What does it mean to surrender?
My grandmother has tears in her eyes, although I don’t know if they’re from sadness or rheumatism. She tells me a few things: her girlhood friend still living in Chenango Bridge who is also 86, who she doesn’t speak to much, anymore; how blonde my son’s hair is; how they wouldn’t fill her prescriptions when my dad brought them to the pharmacy; how Cousin Sandy is mad at her.
“Why is she mad at you?” I nearly yell. I scold myself for speaking too quickly, which I have done again, judging by the veiled frustration on her face.
“She doesn’t think this is the right thing to do. I should fight it.” She goes on to tell me about Sandy’s conviction that she should go through another round of chemo; that she can’t give up. I am absent though, instead thinking of what I will say next. I nearly blurted out, Who cares what she thinks? This is what you want!
But it’s not: she doesn’t want to die—who wants to die?
The chemotherapy destroyed my grandmother’s dexterity, so she can no longer quilt or cross-stitch. She can not drive anywhere. She can not cook anything. She can not use the stairs. She can not bathe herself, and she can not breathe without an oxygen concentration machine. She can no longer live her life.
I am a yoga teacher, and in my classes, I encourage students to use their breath to surrender. I use the word surrender because, to me, it is exotic. It is like the words esoteric, or superfluous, or quixotic, which I used surreptitiously in conversation for years. I was never sure of their meaning, and hoped that maybe, someone would hear me misuse the word and correct me.
Certainly, I am intellectually aware of the definition of surrender. Physically, I know the sensation of a gluteal muscle surrendering to pigeon pose.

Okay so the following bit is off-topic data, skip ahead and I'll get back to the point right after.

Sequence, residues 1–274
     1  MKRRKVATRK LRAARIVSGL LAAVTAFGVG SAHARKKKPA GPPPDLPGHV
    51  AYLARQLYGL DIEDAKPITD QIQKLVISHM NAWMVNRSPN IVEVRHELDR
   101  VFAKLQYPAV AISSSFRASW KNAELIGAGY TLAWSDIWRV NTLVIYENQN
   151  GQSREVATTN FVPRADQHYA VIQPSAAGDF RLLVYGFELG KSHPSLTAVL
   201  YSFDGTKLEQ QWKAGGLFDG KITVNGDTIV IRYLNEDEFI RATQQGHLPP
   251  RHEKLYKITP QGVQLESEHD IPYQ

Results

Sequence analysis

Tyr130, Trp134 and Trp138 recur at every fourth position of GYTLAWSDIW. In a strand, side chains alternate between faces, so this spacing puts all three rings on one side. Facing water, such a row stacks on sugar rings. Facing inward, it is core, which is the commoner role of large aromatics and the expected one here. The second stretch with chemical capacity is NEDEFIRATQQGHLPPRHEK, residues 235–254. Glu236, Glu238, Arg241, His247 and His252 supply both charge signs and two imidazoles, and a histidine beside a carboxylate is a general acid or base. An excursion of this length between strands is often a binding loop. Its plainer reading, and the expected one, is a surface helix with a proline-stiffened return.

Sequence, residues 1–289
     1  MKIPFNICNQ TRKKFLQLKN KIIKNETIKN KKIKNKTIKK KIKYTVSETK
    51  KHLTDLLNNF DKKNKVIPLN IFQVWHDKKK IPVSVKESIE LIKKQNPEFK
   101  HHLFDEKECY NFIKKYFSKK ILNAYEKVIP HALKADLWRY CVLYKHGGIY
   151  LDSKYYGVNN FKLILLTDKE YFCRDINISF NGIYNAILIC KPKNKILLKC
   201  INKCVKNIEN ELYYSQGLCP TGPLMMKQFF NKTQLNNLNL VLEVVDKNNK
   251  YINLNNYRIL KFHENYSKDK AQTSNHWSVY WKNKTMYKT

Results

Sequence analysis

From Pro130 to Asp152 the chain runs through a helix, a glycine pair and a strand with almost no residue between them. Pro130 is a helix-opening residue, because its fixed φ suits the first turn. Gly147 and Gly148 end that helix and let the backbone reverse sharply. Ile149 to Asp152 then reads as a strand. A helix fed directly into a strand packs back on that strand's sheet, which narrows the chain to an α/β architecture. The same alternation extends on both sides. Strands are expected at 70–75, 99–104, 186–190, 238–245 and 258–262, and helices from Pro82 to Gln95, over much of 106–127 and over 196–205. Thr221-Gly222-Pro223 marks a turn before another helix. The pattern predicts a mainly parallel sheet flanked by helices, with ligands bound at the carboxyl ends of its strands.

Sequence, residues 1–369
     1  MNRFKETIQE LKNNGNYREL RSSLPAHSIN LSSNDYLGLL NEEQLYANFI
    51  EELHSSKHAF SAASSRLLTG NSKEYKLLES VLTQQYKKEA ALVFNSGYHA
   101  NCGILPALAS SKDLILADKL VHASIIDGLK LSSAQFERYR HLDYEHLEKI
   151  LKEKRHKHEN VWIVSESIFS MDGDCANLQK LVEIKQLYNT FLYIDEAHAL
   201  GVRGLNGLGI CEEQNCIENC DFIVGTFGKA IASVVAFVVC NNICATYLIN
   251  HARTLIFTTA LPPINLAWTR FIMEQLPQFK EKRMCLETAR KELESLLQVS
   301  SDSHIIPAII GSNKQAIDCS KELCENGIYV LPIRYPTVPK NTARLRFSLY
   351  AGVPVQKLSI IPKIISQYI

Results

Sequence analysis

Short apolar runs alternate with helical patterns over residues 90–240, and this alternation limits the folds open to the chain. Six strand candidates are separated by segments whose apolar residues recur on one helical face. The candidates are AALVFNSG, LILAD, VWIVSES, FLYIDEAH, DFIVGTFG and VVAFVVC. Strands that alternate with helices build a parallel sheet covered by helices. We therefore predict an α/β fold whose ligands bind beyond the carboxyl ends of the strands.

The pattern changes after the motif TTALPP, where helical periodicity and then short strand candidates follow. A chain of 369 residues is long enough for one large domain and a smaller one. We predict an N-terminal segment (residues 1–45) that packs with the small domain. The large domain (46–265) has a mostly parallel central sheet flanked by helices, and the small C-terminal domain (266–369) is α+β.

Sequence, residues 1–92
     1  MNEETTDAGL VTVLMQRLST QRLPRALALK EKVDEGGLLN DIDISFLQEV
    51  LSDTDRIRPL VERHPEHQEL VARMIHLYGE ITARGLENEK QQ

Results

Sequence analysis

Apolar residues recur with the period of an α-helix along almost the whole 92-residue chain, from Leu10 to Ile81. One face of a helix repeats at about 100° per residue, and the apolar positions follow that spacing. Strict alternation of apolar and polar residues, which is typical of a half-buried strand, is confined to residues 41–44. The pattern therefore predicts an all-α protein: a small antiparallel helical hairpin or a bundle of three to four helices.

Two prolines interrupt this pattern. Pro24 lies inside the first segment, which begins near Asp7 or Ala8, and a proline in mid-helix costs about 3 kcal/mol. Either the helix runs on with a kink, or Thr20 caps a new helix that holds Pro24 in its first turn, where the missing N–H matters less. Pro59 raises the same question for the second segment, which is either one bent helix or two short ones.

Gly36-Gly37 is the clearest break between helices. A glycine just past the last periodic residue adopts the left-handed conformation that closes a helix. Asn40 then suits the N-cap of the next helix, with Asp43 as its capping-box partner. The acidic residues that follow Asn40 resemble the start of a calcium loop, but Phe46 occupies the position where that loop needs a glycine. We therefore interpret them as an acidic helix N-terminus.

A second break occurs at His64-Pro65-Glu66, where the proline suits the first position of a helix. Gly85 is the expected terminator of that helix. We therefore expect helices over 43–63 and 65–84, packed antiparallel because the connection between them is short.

But maybe I use this cue so much because I am hoping someone will correct me—someone in class will call me out, shouting, just what, exactly, am I surrendering to in this backbend? Hopefully, they will answer their own question, too, because I do not know what it is to surrender.
Yoga is filled with saccharine examples of surrender; the whole purpose of the practice is to drop oneself into that which is greater, to give up control and unite our individual selves with what surrounds us.
But it is challenging for me to think of my grandmother and how she painfully, deliberately signs her name on the hospice paperwork as an act of surrender, or that this is the same type of surrender that my students and I chase for 60 minutes on Tuesday nights.
In yoga, we talk about ease and relaxation. We talk about clinging, muscle to bone and ego to identity. We try to let go, using poses, both simple and complex, to soothe tension in the body, and using meditation and pranayama for what will not leave our head. But we are still there: we are spinal twisting and heart-opening, pinching our nostrils, and wondering when, exactly, five minutes will have passed, and we are the ones reprimanding and being reprimanded for being so impatient.
We surrender to something: silence, stillness, discomfort.
My grandmother will not surrender. She will become surrender; she will become the verb itself. She will no longer be my mother’s mother; she will no longer be Nanni; she will no longer be G.G. to my son.
There is nothing easy to this, for us or for her; there is nothing relaxing about dying.
I only notice the tears because she is looking out the window and the sunlight sparkles around the rims of her eyes.
The oxygen tube is only in one nostril and the one that is not in a nostril makes a low, soothing hiss to demonstrate its freedom.
When she says something doesn’t feel right, my mom fixes the tube and my grandmother giggles, laughing at herself for missing her own nose.
She looks to my son, who is amusing himself with the cat’s toys.
He is 15 months old.
None of us know what it means to surrender, but we all will.
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Ed: Bryonie Wise
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